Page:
TV | September 21, 2017 10:30 am

Escobar Family and Netflix Enter Trademark Dispute Over ‘Narcos’

The family of Pablo Escobar says Netflix owes $1 billion to Escobar Inc.

Pedro Pascal and Bruno Bichir in Narcos (2015)
Pedro Pascal and Bruno Bichir in Narcos (2015)

Narcos is currently still reeling from the death of Carlos Munoz Portal, a Narcos location scout who was found shot dead in his car in September. Now, The Hollywood Reporter writes, Netflix is also dealing with a trademark dispute with the family of Pablo Escobar, who is the Colombia drug kingpin the series dramatizes.

Roberto De Jesus Escobar Gaviria, Escobar’s surviving brother, threatened Narcos if Netflix fails to provide a $1 billion payment to his company, Escobar Inc., for intellectual property violations, The Hollywood Reporter writes. A letter was sent to the family a letter on July 27 by Los Angeles firm Sheppard, Mullin, Richter & Hampton LLP, on behalf of Narcos Productions, LLC (NPL), which is the company behind the series. The letter said that Escobar filed “use-based applications to register the marks NARCOS and CARTEL WARS with the [U.S. Patent and Trademark Office] covering a range of goods and services,” reports The Hollywood Reporter.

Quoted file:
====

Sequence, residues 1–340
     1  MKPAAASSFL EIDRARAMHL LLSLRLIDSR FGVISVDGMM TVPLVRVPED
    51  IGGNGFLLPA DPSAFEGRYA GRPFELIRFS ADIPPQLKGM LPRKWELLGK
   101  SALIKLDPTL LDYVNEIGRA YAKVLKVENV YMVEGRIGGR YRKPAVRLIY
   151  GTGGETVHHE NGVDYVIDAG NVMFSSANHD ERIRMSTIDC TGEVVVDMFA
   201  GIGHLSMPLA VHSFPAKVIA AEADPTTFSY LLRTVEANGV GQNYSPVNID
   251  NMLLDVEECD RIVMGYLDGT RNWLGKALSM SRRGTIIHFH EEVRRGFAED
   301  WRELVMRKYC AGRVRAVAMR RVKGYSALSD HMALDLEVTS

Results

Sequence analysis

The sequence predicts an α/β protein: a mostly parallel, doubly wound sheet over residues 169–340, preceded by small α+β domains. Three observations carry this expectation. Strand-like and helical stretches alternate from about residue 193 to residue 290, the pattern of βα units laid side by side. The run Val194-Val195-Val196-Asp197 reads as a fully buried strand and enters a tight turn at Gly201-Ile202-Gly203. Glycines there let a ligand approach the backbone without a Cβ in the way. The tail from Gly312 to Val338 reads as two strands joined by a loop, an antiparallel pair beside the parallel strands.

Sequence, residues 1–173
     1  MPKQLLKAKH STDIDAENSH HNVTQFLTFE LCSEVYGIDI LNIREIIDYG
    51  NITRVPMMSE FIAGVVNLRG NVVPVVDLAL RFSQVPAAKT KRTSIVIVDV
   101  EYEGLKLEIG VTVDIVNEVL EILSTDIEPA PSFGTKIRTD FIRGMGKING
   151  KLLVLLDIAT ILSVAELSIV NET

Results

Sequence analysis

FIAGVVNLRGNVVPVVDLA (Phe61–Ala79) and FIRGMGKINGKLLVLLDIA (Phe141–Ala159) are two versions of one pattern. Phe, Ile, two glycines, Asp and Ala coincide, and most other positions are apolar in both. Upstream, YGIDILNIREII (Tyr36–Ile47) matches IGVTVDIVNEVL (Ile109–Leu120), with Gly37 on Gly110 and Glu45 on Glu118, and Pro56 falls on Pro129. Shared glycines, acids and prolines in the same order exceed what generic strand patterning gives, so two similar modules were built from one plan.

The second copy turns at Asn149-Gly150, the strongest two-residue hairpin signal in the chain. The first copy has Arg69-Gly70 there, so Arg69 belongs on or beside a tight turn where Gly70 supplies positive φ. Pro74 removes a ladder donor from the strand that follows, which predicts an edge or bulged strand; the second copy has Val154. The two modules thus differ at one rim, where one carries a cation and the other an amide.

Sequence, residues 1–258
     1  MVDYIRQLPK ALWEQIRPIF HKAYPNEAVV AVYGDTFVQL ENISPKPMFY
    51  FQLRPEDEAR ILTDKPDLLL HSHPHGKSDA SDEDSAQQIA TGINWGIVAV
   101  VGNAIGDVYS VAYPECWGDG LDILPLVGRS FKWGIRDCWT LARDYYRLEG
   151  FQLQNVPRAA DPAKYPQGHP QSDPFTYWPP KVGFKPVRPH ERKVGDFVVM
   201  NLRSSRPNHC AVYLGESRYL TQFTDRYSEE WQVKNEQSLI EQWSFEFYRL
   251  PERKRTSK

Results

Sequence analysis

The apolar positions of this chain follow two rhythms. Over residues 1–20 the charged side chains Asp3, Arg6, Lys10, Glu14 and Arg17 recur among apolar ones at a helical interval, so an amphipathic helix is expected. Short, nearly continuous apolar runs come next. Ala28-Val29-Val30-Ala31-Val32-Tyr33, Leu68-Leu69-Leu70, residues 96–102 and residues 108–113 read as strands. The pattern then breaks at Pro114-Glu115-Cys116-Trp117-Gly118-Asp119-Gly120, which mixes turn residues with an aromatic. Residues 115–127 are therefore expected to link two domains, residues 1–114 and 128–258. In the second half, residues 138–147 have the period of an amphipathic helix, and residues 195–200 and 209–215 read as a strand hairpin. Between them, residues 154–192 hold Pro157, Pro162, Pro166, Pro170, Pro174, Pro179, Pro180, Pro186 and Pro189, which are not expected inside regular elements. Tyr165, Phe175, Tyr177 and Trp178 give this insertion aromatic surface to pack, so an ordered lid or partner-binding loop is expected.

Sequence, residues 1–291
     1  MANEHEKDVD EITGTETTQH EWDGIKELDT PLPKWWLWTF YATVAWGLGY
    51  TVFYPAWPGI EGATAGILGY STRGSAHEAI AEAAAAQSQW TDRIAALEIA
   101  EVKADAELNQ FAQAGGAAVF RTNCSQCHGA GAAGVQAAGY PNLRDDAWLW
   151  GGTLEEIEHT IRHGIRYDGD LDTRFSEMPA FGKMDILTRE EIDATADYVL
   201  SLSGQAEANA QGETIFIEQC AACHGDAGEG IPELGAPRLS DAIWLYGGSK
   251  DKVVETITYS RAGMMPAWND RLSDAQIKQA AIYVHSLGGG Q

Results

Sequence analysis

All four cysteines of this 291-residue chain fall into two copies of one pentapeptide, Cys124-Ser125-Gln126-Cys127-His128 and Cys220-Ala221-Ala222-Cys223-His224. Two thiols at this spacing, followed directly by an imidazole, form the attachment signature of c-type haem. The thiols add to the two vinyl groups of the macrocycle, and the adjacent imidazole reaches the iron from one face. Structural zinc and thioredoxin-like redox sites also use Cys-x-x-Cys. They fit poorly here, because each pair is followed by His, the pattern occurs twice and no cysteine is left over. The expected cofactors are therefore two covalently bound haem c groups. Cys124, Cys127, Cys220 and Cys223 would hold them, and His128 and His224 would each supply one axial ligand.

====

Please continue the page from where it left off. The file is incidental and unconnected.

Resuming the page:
The services are wide-ranging, from ringtones and sheet music to temporary tattoos and bookmarks. The letter calls the claims “fraudulent.” NPL attorney Jill M. Pietrini says that Escobar claims it has used NARCOS for services online since 1986, but “the internet had not been developed for widespread consumer use in 1986.”

Netflix’s lawyers then threatened to sue the Escobar family in retaliation. The letter claims that “the specimen used by Escobar for the trademark application appears to be either from NPL’s advertising, or at the very least, an infringing artwork.”

The Hollywood Reporter spoke to Rebecca Tushnet, a Harvard Law School professor who focuses on copyright and trademark law, who said that it is “unlikely” that the family could trademark the word “Narcos” since that has become colloquial for anyone involved in the drug cartel trade.

Olof Gustafsson, the CEO of Escobar Inc., told The Hollywood Reporter that Netflix has seen the “logic” in settlement discussions, but Tushnet said this is common in Hollywood. Hollywood will pay small amounts to make minor issues disappear, Tushnet told The Hollywood Reporter. 

Gaviria, 71, also said that the show’s producers are not cut out for filming in such dangerous and cartel-infested areas, like Mexico and Colombia. The Hollywood Reporter writes that Gaviria suggested they would benefit from hiring “hitman as security.”